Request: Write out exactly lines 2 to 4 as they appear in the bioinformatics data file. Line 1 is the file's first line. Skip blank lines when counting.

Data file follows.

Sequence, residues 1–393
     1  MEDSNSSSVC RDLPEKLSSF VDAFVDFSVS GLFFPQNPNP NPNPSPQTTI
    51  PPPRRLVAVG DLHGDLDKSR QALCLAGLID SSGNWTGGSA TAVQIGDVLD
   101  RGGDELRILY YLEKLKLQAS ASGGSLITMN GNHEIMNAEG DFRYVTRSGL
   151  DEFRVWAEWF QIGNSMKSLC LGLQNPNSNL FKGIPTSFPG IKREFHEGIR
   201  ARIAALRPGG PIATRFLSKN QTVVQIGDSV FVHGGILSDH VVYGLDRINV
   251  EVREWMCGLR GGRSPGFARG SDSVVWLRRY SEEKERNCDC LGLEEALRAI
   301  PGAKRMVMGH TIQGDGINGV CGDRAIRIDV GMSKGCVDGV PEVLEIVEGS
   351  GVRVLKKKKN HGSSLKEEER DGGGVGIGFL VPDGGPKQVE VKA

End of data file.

     1  MEDSNSSSVC RDLPEKLSSF VDAFVDFSVS GLFFPQNPNP NPNPSPQTTI
    51  PPPRRLVAVG DLHGDLDKSR QALCLAGLID SSGNWTGGSA TAVQIGDVLD
   101  RGGDELRILY YLEKLKLQAS ASGGSLITMN GNHEIMNAEG DFRYVTRSGL